BUYER BEWARE takes place in the McNally Theatre Auditorium from 9:00 am to 1:00 pm on Saturday, September 14. Doors open at 8:30 am. It was organized in collaboration with JONES RENAUD Strategic Consulting.

Kurt Stevenson takes over as Head Athletic Therapist

Chad Newhook (l) with Kurt Stevenson

Chad Newhook (l) with Kurt Stevenson

The Saint Mary's University Sport Medicine Clinic will undergo a changing of the guard, but the transition will be an easy one for the new Head Athletic Therapist.  After 26 years, as clinic boss, Chad Newhook is leaving his current position as Head Athletic Therapist and his clinic side kick Kurt Stevenson will take over. The pair have worked together for 12 years, providing treatment for the many student-athletes who have walked through the clinic doors.

 Kurt Stevenson, graduated from Dalhousie University with a Bachelor of Science in Biology (1991) and Kinesiology (1994).  He started at SMU as a student trainer in 1993 and returned in 2007 to be a full-time assistant Athletic Therapist in the Saint Mary's clinic.

 Certified in 1997, Kurt has spent time working in a number of settings across the country.  He was the Head Athletic Therapist at Mount Royal College (MRC) (Calgary, AB), and Assistant Athletic Therapist at both Acadia and St. FX Universities.  He has teaching experience in the Athletic Therapy/Human Kinetics programs at MRC, Acadia University and Dalhousie University. He has been a member of the Sports Medicine Teams for the Canadian Pro Rodeo Circuit (1998/99), the World Junior Men's Hockey Championships (2003), the Canada Winter Games (2011), FISU World University Games (Core Medical Team, Kazan, Russia. 2013), CIS Men's Hockey Championships (Chief Therapist, 2016), and the North American Indigenous Games 2020 (Chief Therapist).  He is currently on the Board of Directors of the APATA.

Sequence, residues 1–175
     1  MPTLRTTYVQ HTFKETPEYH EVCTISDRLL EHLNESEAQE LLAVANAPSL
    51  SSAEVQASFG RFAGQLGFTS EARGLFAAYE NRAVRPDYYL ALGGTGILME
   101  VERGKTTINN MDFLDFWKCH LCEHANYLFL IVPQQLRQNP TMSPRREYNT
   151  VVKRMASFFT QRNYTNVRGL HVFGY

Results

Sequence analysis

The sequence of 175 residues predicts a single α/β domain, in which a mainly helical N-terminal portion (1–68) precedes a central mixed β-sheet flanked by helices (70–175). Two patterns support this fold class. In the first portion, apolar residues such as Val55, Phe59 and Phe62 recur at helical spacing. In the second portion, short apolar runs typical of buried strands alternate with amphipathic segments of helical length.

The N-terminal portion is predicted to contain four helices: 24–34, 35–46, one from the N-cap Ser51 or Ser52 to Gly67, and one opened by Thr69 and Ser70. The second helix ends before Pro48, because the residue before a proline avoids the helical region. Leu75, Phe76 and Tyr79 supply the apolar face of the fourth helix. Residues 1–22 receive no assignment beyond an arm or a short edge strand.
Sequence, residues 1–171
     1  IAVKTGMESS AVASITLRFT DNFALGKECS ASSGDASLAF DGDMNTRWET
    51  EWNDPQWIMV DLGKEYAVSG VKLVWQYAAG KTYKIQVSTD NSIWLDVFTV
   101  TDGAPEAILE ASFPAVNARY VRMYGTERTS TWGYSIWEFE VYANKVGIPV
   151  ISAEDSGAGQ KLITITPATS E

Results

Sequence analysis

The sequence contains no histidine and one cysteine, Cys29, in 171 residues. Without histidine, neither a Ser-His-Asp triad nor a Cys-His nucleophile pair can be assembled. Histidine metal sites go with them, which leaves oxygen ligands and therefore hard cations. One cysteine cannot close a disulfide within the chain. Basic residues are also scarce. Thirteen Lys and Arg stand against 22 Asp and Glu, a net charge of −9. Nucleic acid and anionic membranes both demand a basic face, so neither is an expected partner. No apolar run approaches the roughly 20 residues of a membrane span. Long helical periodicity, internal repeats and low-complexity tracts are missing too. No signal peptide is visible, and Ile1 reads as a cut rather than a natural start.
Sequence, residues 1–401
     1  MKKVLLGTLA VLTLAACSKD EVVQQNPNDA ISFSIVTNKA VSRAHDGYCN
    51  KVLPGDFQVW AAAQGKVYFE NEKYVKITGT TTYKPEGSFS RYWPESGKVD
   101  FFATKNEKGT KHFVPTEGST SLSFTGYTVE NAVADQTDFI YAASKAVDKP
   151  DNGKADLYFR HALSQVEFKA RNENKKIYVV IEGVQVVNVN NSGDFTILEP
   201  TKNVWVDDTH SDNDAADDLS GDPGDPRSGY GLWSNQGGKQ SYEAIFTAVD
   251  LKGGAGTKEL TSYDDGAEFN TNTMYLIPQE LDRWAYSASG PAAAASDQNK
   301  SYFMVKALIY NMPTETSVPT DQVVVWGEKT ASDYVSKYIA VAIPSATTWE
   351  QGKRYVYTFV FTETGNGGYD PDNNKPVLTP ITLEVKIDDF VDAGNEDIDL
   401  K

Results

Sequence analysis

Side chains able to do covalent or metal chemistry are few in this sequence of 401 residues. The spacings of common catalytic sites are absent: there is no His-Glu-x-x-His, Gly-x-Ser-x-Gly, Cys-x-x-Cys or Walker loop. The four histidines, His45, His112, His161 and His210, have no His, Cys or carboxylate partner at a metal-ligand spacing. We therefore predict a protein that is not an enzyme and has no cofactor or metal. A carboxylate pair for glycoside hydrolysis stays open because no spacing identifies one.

For Newhook, he will move his career and expertise to LifeMark Physiotherapy, where he'll be the new SMU LifeMark Athletic Therapist / Kinesiologist. 

Chad started as a student therapist in 1993 and has been full-time in the clinic since 1996. He says "he'll miss his role with Athletics but looks forward to his new career with SMU LifeMark and its amazing staff.   A big consolation is that the Athletic Therapy Clinic has been left in great hands with my friend and colleague Kurt Stevenson assuming the role of Head Athletic Therapist."

Joining Kurt this season is Brad Hughes, who will be joining SMU after working as Athletic Therapist for the Calgary Roughnecks (NLL) and Calgary Stampeders (CFL). The SMU clinic will also be hiring an additional Athletic Therapist to assist with the very busy varsity season that kicks off this weekend, with the Football team travelling up to Sackville to take on the Mounties.

Password Managers: What are they?


With so many tech devices in our daily lives, remembering our many passwords and keeping them safe is getting harder.  

Password managers can help. Like a virtual vault, these software applications store and protect all of your passwords in one secure place on our devices (e.g. mobile devices or computers).